We’ve dipped into terrible films a few times before in sub threads, but I thought it might be a useful service to have a definitive resource to check against before committing to a few hours viewing. I speak from recent experience – see comments. Accepting one person’s meat is another’s poison, it would be good to say why it’s terrible. There’s quite a bit of retrospective reassessment of old films through a modern lense which colours things, for example. Get in and share!
I find myself in Southend for a couple of days – recommendations of places to visit gratefully received!
Year: 2018 Director: James Russell, Andy Derbyshire
To the Everyman in Kings Cross for the premiere of Steven Wilson’s film “Home Invasion”, filmed at the Albert Hall earlier this year. I went to the gig but on a different night, but I can report that the film absolutely captures what’s great about SW. Often pigeonholed as “prog”, which is not unfair, this shows off his other pretty dominant influences of acoustic harmony, pop and more experimental electronica through to Bollywood. Dipping right back into the Porcupine Tree catalogue as well as the hit albums of “The raven who refused to sing”, “Hand. Cannot. Erase” and “To the bone” the film is an excellent record of Steven summarising his career with his superb band. They are all terrific players but particular mention should be made of Ninet Tayeb, whose second vocals bring the house down every time she opens her mouth, and the awesome Nick Beggs on bass who represents several metric tonnes of concrete in the foundations of the sound, one minute slapping and popping like an 80s bass player (who was that band…?), sitting in the pocket for pure pop mobility or getting all King Crimson on us on » Continue Reading.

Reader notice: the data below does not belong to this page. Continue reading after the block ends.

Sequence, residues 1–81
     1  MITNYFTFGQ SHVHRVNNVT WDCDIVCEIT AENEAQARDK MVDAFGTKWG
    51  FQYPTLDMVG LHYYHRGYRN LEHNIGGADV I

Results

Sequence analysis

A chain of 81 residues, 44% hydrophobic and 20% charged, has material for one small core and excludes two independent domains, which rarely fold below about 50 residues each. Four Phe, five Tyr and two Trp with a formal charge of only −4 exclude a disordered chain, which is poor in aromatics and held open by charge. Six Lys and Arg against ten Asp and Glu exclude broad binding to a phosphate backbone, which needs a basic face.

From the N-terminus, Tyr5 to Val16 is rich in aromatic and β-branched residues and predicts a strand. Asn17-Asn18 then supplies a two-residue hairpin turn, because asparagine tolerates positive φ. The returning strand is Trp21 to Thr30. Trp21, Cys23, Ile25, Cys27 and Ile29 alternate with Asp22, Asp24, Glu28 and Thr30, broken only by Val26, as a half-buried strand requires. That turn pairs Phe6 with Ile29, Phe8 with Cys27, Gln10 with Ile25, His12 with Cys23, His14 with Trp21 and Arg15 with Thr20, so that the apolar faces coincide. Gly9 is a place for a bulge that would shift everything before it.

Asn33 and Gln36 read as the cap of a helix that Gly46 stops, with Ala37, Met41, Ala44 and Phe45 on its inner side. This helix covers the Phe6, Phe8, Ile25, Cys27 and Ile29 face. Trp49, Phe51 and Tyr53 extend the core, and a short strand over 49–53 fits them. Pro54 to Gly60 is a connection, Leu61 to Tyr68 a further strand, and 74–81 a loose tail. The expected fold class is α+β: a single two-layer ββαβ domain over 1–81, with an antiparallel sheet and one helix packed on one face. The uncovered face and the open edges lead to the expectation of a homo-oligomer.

I just noticed that Chrome is now saying the Afterword is not secure in the command bar….
Not an encrypted connection according to Edge…
I’ve not noticed this before. What’s going on? Do we care?
I want to make a little animated film to be a video for a piece of music for YouTube. There are various freebie tools on the web – does anyone have any experience of them? I’m thinking along the line of the old OGWT Filmfinders weird films (though drawings, not old footage). Stick men running about would be fine! Any pointers welcome.
I can only dream of this masterpiece.
Twang, Ganglesprocket, Feedback File, TR Magic Words and Tiggerlion assemble in the pod, adopt “The Thinker” posture and get deep and philosophical on the weighty topic of whether music matters? Did it ever? Has the age of music being central to everything gone? Was John Miles right? Listen and find out.
I like a good homily, bromide, bit of received wisdom, whatever. Useful for passing on to less wise colleagues or the feckless youth. I am particularly fond of: